The Cultural Landscape of China’s Urban Parks

For a city its size, Shanghai had been short on two things—green space and art. –New York Times, 36 Hours in Shanghai, 2017 I have to agree with The Times that Shanghai is short on art relative to many large cities—artists have pesky habits like bucking authority—but green space? I simply disagree. Surprisingly dense canopies of…

Thai Zeed Recipe: A Little Slice of (Lost) Heaven

We’ve finally arrived at the sweet spot of this year, post-Thanksgiving and pre-Christmas. Admittedly, this is a filler post. I’m working on a longer piece comparing China’s urban parks with America’s, and it is taking me in unexpected directions. It seems I need a little encouragement and some holiday cheer. Visitors to Shanghai are inevitably…

China In Relief

I write this week from Singapore, a city-state that legislates politeness; the Maintenance of Religious Harmony Act made it illegal to incite hostility toward most religious groups, and vandalism can beget a caning. Moreover, Singapore fines citizens for jaywalking, importing gum, littering, urinating in public and spitting, misdemeanors that throw China sharply into relief. Singapore is…

The Constant Struggle

In this new century, no matter where you live—the mountains of Tibet or the beaches of Tahiti—you will most certainly have a cell phone. This is especially true in China, a country whose citizens are widely known for their cell phone addiction. If you’re an expat in China, you’ll need to buy an unlocked phone,…

Regarding Wulumuqi

Wulumuqi Lu (pronounced WUL-u-MU-chi) is the heart and soul of Shanghai’s Former French Concession. Linguistically speaking Wulumuqi is without question the best road name I’ve ever heard. If you say the word aloud—and you should—it will be instantly clear that this is another one of those words that grants pure phonetic joy. As streets in…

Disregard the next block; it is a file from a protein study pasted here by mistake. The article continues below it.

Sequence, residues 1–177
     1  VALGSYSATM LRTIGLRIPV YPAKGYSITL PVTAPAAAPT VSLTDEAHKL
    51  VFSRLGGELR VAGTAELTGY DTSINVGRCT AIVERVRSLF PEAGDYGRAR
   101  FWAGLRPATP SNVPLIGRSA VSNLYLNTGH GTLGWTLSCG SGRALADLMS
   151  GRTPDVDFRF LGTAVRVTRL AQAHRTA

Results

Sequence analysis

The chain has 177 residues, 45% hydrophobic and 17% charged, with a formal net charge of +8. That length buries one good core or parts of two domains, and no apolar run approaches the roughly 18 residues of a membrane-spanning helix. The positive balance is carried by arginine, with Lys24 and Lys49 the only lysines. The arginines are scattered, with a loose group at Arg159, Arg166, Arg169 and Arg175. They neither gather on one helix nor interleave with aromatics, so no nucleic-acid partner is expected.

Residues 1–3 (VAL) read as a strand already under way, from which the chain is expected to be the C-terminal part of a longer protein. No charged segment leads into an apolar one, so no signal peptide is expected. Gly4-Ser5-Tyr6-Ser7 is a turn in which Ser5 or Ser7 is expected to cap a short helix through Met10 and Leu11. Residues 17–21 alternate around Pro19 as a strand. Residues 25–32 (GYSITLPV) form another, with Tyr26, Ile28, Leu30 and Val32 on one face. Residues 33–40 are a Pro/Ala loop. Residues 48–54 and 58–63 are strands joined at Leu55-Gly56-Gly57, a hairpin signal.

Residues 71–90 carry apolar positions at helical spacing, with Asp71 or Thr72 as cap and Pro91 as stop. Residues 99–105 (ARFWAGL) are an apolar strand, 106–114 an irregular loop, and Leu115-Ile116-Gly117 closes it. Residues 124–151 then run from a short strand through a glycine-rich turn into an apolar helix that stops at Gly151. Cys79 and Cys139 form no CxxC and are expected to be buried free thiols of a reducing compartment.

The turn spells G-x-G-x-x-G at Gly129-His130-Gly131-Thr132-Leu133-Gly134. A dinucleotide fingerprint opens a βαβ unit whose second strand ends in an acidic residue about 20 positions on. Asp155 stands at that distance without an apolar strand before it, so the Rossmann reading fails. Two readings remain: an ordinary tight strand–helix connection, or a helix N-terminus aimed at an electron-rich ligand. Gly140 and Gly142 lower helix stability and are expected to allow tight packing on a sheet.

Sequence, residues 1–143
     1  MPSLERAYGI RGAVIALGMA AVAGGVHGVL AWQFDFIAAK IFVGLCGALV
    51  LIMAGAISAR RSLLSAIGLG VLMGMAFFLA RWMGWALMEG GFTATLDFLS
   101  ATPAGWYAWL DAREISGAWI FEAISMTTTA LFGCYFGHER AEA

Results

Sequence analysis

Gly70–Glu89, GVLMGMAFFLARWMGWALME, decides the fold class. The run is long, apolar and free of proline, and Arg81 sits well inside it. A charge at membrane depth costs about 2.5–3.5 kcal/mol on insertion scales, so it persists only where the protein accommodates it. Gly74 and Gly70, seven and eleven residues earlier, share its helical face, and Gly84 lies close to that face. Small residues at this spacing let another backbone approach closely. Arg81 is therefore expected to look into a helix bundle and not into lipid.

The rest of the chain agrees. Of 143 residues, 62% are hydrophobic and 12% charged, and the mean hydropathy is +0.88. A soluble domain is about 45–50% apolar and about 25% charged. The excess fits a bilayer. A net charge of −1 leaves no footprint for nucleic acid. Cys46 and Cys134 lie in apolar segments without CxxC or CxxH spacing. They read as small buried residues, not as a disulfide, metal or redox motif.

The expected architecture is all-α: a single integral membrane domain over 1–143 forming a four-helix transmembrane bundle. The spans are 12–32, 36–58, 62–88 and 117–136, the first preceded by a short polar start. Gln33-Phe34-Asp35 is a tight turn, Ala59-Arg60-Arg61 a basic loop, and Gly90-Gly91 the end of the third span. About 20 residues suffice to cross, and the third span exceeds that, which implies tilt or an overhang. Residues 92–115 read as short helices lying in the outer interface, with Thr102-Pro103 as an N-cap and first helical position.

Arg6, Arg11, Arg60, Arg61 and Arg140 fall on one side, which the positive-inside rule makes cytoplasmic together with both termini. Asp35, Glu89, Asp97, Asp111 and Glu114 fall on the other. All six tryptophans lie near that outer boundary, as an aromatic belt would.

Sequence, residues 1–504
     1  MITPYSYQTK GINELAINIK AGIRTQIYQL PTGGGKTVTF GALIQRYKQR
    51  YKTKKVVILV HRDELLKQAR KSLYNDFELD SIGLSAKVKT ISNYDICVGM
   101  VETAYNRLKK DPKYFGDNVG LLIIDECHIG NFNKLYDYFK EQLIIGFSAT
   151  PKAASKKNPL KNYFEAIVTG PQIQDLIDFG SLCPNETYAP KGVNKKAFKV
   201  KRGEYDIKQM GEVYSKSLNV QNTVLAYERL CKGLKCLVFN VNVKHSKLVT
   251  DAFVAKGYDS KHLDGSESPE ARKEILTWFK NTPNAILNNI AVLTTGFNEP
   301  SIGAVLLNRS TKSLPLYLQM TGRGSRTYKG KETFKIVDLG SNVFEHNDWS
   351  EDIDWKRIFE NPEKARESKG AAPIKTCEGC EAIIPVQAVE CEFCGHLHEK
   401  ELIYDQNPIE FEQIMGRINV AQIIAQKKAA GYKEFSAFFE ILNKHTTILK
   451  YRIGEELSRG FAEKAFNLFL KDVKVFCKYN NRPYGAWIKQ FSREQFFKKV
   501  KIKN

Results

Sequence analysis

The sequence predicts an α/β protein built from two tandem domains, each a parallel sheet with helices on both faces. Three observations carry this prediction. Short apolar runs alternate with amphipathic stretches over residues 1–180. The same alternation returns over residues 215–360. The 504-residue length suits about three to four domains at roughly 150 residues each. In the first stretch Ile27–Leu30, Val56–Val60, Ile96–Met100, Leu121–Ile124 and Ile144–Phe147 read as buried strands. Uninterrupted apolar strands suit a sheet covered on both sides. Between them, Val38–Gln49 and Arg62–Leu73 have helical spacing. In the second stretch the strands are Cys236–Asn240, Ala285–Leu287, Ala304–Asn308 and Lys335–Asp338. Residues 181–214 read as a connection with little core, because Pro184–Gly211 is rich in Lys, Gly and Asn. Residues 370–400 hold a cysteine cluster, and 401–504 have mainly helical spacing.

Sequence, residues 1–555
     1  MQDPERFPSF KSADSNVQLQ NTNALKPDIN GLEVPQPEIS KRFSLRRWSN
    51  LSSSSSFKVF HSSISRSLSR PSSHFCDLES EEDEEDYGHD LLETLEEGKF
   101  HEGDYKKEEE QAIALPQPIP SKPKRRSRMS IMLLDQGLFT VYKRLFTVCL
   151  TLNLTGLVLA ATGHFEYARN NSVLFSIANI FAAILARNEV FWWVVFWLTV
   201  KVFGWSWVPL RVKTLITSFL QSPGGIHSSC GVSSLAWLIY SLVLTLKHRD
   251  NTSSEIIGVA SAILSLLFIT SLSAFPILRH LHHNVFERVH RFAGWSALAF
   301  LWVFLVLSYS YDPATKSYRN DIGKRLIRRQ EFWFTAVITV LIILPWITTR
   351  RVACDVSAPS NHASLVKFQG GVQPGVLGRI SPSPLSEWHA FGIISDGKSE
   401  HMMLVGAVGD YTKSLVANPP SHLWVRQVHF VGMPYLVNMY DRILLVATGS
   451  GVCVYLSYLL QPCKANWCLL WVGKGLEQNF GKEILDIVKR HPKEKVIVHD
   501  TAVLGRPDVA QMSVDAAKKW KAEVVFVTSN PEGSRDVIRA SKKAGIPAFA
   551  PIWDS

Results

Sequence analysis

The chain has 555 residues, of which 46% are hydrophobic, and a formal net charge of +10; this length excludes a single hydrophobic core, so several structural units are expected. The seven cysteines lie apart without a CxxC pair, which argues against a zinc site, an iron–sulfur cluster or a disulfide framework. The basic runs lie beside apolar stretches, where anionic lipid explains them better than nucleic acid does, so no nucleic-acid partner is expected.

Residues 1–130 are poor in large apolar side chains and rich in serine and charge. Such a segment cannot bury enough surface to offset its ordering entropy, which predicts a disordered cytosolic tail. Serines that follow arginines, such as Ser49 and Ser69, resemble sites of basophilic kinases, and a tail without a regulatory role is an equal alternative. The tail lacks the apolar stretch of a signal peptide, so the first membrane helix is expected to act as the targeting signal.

Biggest, Tallest, Fastest, Highest: China’s Attempt to Beat Everyone

(or) How I Learned to Stop Worrying and Accept China China’s rapid modernization and the rise of its powerful new economy is a topic of deep anxiety for many Americans. The Obama administration’s “pivot to Asia” had everything to do with China’s growing influence in Southeast Asia and its economic strength. For now, the US…

This Mortal Coil

“For men and women are not only themselves; they are also the region in which they were born, the city apartment or the farm in which they learnt to walk . . . . And because you cannot know persons of a nation foreign to you except from observation, it is difficult to give them…

The Ubiquity of Bamboo

If you’ve visited a city in China, you’ll understand why I say that bamboo is the chief artifact of Chinese utilitarianism. It’s everywhere. Scaffolding is the most conspicuous example, but during a 15-minute walk around Shanghai you’ll see many other forms: brooms with bristles and shafts of bamboo, pole saws, hanging rods, fences, food, platforms,…

Mountains, Monks, and Monasteries

Garze, Tibetan Autonomous Prefecture This is a place worth visiting. If Wikipedia can be trusted, the Kangding Airport is the third highest airport in the world at 14,022 ft—a mere 400 feet below the world’s highest airport, which is also in Tibetan China. In fact Tibet lays claim to all four of the world’s highest…

The Flower and the Serpent Under It

Beauty and the Beast. Like all cities, Shanghai is a little of both. The outer rings of Shanghai (Dante invoked!) play host to more rural residents who land there to set up their urban lives. Living in Minhang, a district out past the Hongqiao airport was a world away from our current home in the former French Concession.

A Fish Without A Bicycle

China measures functionality by the turning spokes of the wheel. An artifact of European industrialization, the bicycle and its uses mirror a country’s values–it’s a means of leisure and athleticism in the U.S. and Europe. But in China, the bicycle is all about utility.